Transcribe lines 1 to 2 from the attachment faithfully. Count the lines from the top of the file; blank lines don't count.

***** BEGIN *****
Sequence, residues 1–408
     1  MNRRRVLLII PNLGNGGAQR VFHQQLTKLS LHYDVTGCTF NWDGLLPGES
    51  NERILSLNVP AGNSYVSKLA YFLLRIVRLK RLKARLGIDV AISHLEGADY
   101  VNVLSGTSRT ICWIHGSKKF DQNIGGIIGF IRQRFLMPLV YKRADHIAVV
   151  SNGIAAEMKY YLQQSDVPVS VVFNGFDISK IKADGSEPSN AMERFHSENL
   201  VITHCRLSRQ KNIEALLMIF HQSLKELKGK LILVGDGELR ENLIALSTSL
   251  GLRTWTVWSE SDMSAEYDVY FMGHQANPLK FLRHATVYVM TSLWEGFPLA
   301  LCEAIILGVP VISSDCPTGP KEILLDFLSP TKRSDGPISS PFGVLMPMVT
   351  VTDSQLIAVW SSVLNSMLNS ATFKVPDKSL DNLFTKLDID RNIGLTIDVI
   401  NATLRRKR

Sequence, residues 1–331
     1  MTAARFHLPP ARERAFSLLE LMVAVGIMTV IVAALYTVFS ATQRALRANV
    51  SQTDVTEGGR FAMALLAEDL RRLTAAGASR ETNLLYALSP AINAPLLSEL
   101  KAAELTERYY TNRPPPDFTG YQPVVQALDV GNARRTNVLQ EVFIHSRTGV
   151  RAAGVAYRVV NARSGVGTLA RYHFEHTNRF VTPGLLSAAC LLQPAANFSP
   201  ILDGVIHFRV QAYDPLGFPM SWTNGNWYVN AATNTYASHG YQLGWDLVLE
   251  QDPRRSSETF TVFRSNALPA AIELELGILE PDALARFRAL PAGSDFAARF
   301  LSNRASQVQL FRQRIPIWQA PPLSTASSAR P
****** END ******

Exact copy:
Sequence, residues 1–408
     1  MNRRRVLLII PNLGNGGAQR VFHQQLTKLS LHYDVTGCTF NWDGLLPGES